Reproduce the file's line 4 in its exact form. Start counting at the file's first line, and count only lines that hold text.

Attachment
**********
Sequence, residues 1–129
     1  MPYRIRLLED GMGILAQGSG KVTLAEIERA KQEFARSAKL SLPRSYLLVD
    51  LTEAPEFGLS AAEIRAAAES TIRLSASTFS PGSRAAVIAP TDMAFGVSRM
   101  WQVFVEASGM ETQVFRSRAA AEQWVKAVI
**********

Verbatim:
   101  WQVFVEASGM ETQVFRSRAA AEQWVKAVI